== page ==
Settlement of a Loan is frequently confused with loan closure. But because they are two distinct concepts, they have differing effects on credit scores. The loan account will naturally terminate once the loan has been repaid if you make your monthly payments consistently and on time during the duration of the loan. The same information is then forwarded to the credit rating agencies, which raises your credit score.
A loan settlement, on the other hand, happens when the borrower is unable to make payments because of unforeseen circumstances. When an unnatural loan account closure is reported to the credit agencies, it lowers the credit score and makes it harder for the borrower to acquire loans in the future.
How does Loan Settlement work?
When you consent to a debt settlement, you should be ready to accept a drop in your credit score. Not all debtors who are unable to pay back a loan will automatically be eligible for the process.
- The lender confirms and validates that the defaults are attributable to real factors outside of the borrower’s control.
- The lender presents a one-time settlement choice when the information is verified. The lender consents to pay off the interest and penalties and settle the debt with a single payment that is less than the total amount still owed. After determining the borrower’s ability to repay and the gravity of the issue, the settlement sum is chosen.
- The lender writes off the debtor’s loan, cancels the loan account, and marks the loan as “settled” on the credit bureau records once the debtor pays the loan settlement payment.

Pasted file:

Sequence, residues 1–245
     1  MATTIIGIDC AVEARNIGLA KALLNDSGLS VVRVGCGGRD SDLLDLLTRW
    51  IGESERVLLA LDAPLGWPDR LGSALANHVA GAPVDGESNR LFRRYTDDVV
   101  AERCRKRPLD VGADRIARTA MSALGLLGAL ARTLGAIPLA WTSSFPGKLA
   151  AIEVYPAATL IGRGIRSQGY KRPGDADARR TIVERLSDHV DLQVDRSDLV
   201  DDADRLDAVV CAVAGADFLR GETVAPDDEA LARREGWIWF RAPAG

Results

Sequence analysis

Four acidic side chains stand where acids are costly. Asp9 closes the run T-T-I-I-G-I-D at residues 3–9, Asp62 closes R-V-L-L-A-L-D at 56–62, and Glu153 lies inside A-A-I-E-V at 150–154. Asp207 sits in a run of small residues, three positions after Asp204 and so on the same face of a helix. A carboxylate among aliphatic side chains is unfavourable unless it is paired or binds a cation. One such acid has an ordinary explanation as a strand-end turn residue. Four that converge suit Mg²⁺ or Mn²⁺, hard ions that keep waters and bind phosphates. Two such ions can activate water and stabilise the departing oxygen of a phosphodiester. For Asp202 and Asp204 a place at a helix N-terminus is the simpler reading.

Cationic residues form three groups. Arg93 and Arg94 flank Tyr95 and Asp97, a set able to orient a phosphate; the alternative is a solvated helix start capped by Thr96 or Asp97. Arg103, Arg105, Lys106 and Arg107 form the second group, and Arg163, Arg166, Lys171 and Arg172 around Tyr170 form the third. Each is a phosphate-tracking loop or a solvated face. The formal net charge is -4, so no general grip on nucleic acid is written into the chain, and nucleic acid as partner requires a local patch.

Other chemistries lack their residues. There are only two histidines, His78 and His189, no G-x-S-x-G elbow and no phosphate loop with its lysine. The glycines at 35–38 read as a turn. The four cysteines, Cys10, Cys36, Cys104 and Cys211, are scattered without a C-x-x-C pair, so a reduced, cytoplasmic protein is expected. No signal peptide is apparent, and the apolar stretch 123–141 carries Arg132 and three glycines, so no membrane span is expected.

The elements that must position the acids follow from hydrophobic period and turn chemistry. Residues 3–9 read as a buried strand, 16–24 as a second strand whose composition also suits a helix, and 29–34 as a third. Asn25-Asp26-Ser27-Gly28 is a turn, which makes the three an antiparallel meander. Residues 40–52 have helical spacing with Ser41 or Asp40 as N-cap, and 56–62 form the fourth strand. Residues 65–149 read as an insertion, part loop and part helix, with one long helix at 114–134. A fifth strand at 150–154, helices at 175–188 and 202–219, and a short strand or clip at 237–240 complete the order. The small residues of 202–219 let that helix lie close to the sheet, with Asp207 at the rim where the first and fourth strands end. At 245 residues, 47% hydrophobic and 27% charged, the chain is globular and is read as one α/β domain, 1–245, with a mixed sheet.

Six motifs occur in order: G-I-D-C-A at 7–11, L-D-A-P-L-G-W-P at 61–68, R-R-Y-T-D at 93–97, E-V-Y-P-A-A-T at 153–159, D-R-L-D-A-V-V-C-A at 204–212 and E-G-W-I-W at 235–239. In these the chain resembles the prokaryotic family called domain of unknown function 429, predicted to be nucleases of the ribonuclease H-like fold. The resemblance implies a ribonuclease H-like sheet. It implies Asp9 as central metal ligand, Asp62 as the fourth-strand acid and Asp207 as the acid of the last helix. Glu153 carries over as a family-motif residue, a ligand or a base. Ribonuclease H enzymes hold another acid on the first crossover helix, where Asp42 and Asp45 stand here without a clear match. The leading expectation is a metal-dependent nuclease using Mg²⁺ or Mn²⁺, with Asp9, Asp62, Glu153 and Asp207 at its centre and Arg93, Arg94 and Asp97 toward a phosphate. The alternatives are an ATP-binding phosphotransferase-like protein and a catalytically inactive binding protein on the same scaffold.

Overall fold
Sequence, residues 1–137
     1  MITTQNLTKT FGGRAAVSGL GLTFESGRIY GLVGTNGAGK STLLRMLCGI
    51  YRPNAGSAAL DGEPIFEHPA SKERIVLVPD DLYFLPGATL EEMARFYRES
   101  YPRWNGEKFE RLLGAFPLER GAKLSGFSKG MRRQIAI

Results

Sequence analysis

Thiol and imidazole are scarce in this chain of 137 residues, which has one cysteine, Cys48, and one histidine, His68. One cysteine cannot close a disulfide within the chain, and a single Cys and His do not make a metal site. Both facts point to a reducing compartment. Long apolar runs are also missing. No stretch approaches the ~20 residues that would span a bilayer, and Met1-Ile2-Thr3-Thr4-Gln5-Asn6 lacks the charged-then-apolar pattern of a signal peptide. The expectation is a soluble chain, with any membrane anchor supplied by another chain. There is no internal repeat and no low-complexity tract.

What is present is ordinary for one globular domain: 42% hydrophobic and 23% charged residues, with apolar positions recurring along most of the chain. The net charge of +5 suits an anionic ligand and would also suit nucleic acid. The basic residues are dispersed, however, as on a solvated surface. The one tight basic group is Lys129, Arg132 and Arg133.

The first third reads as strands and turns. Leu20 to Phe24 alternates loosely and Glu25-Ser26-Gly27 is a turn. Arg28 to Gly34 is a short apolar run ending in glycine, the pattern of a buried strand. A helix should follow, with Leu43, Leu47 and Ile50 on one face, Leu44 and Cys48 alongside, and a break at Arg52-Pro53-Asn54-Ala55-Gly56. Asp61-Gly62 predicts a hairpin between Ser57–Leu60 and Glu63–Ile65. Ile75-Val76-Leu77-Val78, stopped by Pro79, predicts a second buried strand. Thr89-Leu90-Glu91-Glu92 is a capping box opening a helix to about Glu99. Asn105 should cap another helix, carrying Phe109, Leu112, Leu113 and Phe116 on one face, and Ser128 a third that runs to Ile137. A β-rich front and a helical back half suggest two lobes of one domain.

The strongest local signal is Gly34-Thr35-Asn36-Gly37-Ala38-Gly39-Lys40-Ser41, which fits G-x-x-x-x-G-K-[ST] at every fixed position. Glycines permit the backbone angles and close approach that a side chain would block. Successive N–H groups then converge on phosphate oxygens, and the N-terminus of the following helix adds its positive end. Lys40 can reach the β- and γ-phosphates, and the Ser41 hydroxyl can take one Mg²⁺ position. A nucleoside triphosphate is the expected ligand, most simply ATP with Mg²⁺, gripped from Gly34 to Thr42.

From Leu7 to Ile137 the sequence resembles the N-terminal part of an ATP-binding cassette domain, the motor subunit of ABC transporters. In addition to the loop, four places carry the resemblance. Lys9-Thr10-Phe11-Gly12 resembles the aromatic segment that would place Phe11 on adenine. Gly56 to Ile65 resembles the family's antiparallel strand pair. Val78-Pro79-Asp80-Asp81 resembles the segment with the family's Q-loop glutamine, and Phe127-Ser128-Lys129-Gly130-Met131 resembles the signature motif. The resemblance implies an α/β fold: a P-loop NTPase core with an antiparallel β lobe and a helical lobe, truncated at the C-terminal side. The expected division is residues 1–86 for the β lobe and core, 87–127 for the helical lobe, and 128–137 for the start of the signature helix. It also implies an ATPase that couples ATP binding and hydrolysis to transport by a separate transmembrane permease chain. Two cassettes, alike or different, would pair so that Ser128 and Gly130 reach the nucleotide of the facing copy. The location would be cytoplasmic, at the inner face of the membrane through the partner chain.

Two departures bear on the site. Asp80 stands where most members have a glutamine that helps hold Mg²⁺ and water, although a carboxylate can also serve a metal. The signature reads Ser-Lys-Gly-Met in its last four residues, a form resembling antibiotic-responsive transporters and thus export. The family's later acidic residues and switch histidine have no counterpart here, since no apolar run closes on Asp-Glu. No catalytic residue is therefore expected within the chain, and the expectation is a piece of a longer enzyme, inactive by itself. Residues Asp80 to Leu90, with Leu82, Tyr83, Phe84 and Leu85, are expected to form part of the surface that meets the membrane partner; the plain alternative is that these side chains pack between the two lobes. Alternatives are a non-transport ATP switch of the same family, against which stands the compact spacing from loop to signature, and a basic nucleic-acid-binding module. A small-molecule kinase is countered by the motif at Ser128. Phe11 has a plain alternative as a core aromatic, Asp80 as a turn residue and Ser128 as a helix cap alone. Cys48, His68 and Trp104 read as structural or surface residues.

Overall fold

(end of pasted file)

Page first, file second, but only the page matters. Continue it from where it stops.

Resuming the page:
What procedure does a Lender follow here?
Lenders may give a 6-month no-repayment term if they are confident that you have a legitimate cause why you can’t make your payments. If you agree to pay off the loan in one payment, this option will only be presented to you. In order to make it simpler for the borrower to pay off the loan, the lender will deduct a specified amount from the original loan amount.
Depending on how serious the situation is and the borrower’s ability to make payments, a certain amount will be written off.The loan’s status will be noted as “settled” as a result of this arrangement for a sum less than the actual balance owed. In contrast, the loan would be marked as “closed” if the borrower had fully paid the remaining debt.
How does the repayment of a loan affect your Credit Score?
Every time a lender decides to cancel a loan, he or she promptly notifies CIBIL and other rating organizations of the decision. Even when the loan transaction is settled, it still doesn’t conclude in the way that most transactions do. As a result, the transaction is labeled as “settled” by credit rating agencies, which causes other lenders to perceive it as a bad credit behavior.
As a result, the borrower’s credit rating declines. These organizations also save this data for a period of seven years. If the borrower wants to take out another loan during this time, the lender could be concerned about the borrower’s capacity to repay the loan. There is a chance that the loan application will be turned down by the lender. Additionally, lenders will be wary of approving your loan application during this period and could even reject it. Therefore, unless you have no other way to repay the debt, it is not preferable to settle the loan.
Impact of loan settlements on CIBIL Score